Blog 10 – 2/6/18
This blog started life as a short one, which is what I want them all to be, However, it just got bigger, but not necessarily better. Amongst other things it is a reminder of techniques we have learnt and for some of you I am going over stuff you already know so if you don’t want a lesson on how to suck eggs, stop reading now!!!!
The blog is linked to other blogs where I mention tracing and copying other peoples painting styles and techniques. I have recently been copying pictures and the style of three artists, Ann Blockley, Stewart Edmundson and Brian Bennett; they are all very different and I like their paintings for very different reasons
To copy a picture accurately (or any subject you intend to paint), you need to keep looking at it and sort out in your mind what the artist has done and how they have done it. You need to look at the techniques used, the paint used and you need to sort out for yourself what brushes and surface is use. To know how the artist has painted what they have painted you need to be aware of different techniques and you need to know what the paint can do and how it reacts to different treatment, I wish I knew all this but I don’t. However, by copying other peoples work and experimenting with techniques I get to know more than I did before I copied. (copyright issues will probably be the subject of another blog)
Here is a list of the different ‘treatments’ (sounds like something from a beauty salon) that we have explored in my workshops (if you have had the misfortune to attend one), so, as mentioned, this blog is a bit of a revision blog really.
Sprinkling salt on wet paint, gives a random effect.
When salt is sprinkled on a wet wash, it starts to gather the watercolour pigments. The wash has to be still wet but not too shiny. The effect will vary depending on the size of the grains of salt and the wetness of the paper. The wetter the paper the more effective the salt will be. If you sprinkle salt on drier paint the effects are less noticeable.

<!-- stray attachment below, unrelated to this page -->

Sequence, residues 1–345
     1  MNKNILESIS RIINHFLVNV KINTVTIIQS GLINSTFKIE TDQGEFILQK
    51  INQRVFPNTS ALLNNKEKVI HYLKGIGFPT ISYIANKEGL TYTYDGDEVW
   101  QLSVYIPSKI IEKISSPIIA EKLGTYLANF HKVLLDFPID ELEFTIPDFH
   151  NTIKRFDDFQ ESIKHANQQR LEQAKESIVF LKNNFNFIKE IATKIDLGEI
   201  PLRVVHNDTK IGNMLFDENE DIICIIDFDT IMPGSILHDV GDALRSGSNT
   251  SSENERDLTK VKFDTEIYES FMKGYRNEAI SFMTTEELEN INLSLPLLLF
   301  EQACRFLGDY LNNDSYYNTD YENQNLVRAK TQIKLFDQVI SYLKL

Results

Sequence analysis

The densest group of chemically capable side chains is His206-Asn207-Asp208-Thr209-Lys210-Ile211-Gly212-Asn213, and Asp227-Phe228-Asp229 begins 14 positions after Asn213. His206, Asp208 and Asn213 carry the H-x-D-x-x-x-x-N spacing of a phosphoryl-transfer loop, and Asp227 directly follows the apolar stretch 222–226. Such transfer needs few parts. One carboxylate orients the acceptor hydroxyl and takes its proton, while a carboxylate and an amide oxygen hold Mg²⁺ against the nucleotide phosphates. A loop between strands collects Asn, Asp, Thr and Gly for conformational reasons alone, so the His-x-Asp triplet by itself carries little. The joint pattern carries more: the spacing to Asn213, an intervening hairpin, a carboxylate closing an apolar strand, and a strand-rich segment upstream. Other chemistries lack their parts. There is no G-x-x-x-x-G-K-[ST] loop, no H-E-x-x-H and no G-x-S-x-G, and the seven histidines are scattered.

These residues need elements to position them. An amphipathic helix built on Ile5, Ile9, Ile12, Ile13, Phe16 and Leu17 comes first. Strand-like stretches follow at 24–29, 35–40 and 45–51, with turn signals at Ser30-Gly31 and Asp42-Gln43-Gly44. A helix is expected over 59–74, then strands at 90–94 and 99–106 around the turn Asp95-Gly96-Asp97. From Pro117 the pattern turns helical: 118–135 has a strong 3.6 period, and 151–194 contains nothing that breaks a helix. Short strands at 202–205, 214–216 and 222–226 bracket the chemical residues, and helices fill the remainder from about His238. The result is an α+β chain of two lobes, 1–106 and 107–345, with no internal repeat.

Also, you should not have more than 1500 milligrams (0.75 of a teaspoon) of salt in your diet a day, not sure if this applies to paintings!!!!
Bleach and alcohol.
The first thing here is don’t drink bleach but drink the alcohol as liberally as you like.
There is ordinary bleach and chlorine bleach, they give slightly different effects. Beware, both can damage your paper although I have not yet caused any damage and can also damage your health a tad if you get it in your eyes or on your skin.
The bleach draws out the pigment of the watercolour and moves the pigment around and also does what it says on the tin, it takes the colour out of what it lands on, in this case the watercolour pigment.
Try it on almost dry paint (almost opposite to using salt) and it can still make fret effects and texture.
You can apply the bleach in blobs or use a spray which will give great effects.
Alcohol can have similar effects. I used a cheap spray perfume I bought in one of those cheap shops, the effect was OK but it reeked, I just wonder who would wear this stuff voluntarily. On the other hand don’t use your partners Chanel No 5 or Aramis aftershave as this can cause tiffs.
When you have painted on your wash or even ‘top coat’ just scrunch up some cling film and press onto the area of paint you want to affect. The scrunchier you get the cling film the more intricate the marks left will be. Let the paint dry under the cling film and only when it is dry lift it off and, voila (just to show I can be a bit multi-lingual), lovely random marks and great effects (AKA as textures).